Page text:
Wednesday, October 28, 2015

The Social Teacher: Class Discussion Strategies


I often share teaching ideas from our faculty on this blog under the tag Teacher Ideas, and lately I've been thinking about sharing all the cool teaching resources I see on the web and social media. So, here is the first post in a new series, The Social Teacher.

Cult of Pedagogy is the work of Jennifer Gonzalez, a self-described "teacher nerd." The site collects ideas for people who teach any subject at any level, and she includes both low-prep and high-prep strategies.

I found a recent post on strategies for classroom discussion very interesting. Gonzalez acknowledges a familiar phenomenon - the teacher asks a question like "What do you think of ____?" and a handful of the most extroverted students respond. But, of course, what about the quiet students, or the students who don't feel confident in their understanding of the material? Gonzalez shares a list of 15 classroom discussion strategies to make class time "more engaging, more organized, more equitable, and more academically challenging." I encourage you to read the whole list, but here are some of my favorites.

Hot Seat
"One student assumes the role of a book character, significant figure in history, or concept (such as a tornado, an animal, or the Titanic). Sitting in front of the rest of the class, the student responds to classmates’ questions while staying in character in that role."
Philosophical Chairs
"A statement that has two possible responses—agree or disagree—is read out loud. Depending on whether they agree or disagree with this statement, students move to one side of the room or the other. From that spot, students take turns defending their positions."
Snowball Discussion, aka Pyramid Discussion
"Students begin in pairs, responding to a discussion question only with a single partner. After each person has had a chance to share their ideas, the pair joins another pair, creating a group of four. Pairs share their ideas with the pair they just joined. Next, groups of four join together to form groups of eight, and so on, until the whole class is joined up in one large discussion."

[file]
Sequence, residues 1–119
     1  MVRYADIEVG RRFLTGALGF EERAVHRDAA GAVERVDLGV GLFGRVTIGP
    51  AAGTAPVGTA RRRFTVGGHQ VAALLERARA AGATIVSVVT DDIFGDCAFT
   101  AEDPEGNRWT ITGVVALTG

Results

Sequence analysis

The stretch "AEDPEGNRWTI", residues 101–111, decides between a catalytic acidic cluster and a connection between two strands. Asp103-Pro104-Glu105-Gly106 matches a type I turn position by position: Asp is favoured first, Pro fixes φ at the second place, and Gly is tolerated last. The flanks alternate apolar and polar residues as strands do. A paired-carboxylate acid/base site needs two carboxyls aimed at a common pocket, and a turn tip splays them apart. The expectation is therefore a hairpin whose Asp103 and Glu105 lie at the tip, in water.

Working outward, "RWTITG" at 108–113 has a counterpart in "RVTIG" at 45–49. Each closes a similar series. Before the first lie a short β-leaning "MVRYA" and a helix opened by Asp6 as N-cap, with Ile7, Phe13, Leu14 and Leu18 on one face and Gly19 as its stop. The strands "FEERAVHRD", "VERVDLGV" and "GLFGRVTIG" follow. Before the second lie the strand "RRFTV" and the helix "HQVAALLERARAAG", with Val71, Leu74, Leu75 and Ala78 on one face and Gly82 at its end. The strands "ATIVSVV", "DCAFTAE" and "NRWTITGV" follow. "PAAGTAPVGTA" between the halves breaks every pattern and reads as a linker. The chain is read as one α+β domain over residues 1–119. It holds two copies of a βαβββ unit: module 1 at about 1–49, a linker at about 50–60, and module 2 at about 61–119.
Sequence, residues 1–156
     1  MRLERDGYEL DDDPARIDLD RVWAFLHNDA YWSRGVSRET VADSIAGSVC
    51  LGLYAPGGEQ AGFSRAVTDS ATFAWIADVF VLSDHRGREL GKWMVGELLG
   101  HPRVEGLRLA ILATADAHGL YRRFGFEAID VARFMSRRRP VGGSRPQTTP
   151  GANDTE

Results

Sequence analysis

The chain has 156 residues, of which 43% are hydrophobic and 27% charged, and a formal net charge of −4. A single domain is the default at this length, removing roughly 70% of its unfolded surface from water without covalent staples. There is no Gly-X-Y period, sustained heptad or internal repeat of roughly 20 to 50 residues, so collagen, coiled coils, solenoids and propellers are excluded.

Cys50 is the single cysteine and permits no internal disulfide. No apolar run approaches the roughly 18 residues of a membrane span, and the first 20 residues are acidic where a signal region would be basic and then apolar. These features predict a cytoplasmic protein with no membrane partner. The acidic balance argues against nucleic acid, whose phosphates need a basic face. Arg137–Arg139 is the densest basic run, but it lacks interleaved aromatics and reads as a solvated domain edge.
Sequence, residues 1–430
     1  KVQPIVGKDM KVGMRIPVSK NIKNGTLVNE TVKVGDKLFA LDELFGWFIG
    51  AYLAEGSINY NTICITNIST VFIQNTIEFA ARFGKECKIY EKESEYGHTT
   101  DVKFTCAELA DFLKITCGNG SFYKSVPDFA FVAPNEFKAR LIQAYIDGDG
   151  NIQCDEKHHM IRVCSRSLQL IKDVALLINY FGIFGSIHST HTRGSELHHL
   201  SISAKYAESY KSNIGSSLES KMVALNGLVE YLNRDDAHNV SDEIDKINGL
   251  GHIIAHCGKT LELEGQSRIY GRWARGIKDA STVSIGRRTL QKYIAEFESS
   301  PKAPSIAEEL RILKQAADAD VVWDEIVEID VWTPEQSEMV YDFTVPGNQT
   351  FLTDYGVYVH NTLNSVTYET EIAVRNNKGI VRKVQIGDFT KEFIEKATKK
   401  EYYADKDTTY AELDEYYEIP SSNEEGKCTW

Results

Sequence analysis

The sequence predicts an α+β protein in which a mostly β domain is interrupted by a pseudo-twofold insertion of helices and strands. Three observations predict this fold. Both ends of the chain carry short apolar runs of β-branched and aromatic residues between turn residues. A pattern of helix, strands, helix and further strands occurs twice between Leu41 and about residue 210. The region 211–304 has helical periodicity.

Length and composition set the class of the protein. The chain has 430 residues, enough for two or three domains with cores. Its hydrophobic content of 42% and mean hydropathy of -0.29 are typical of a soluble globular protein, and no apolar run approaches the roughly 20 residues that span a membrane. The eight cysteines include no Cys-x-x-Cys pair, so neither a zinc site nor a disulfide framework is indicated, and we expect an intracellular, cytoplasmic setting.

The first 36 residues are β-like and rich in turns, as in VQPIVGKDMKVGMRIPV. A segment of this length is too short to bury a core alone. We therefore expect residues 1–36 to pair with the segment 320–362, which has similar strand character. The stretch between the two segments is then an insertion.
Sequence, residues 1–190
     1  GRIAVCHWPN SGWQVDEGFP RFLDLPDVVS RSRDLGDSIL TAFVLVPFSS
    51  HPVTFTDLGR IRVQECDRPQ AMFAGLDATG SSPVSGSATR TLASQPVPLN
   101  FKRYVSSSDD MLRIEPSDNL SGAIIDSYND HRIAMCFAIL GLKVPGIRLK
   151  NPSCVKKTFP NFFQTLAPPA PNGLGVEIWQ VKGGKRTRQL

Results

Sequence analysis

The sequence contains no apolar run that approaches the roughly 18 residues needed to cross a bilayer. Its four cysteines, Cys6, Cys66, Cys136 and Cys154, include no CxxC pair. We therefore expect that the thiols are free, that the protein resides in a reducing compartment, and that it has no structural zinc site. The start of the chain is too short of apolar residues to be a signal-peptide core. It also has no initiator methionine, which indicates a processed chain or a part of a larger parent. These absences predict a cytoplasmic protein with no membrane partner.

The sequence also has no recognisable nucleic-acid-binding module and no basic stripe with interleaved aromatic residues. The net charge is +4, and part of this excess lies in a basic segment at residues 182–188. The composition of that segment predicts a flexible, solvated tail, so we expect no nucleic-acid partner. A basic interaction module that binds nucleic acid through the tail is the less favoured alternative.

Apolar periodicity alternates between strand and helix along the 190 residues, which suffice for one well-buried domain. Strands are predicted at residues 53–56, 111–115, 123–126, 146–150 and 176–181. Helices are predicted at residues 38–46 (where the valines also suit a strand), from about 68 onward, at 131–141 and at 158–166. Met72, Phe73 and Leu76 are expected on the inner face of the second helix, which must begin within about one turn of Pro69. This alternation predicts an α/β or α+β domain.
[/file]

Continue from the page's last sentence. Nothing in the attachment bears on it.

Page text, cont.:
Monday, October 26, 2015

Where We're From: Fall 2015


This fall, we are almost 1,000 students from 75 countries!Where are YOU from?
Posted by The English Language Center (TELC) on Monday, October 26, 2015

Thursday, October 22, 2015

Free Admission to PS1


Stephen Hosmer asked me to share this great news from our Long Island City neighbor PS1. According to the Times, museum visitors can prove their residency with a driver's license, identification card, or utility bill.

Tuesday, October 13, 2015

Save The Date: How LaGuardia Works

This year's professional development day will focus on How LaGuardia Works. There will be sessions on policies, procedures, and services at the college that pertain to all of us - students, faculty, and staff. More details to come soon! RSVP here.

Thursday, October 8, 2015

Museum Resources For Educators





















Teachers often plan a field trip to one of the city's many museums. This fall, why not consider using resources developed by a particular museum before visiting it with your class? Here's a sampling of some of the resources available at museums around town.

American Museum of Natural History
This museum's site has a vast section for educators, including field trip guides, lesson plans, and professional development offerings. The Structures & Cultures section in their curriculum collection offers some interesting and accessible materials for us non-scientists, including a unit called When Cultures Travel, which asks students to examine the migration histories of their own families and the cultural mixes of their current neighborhoods.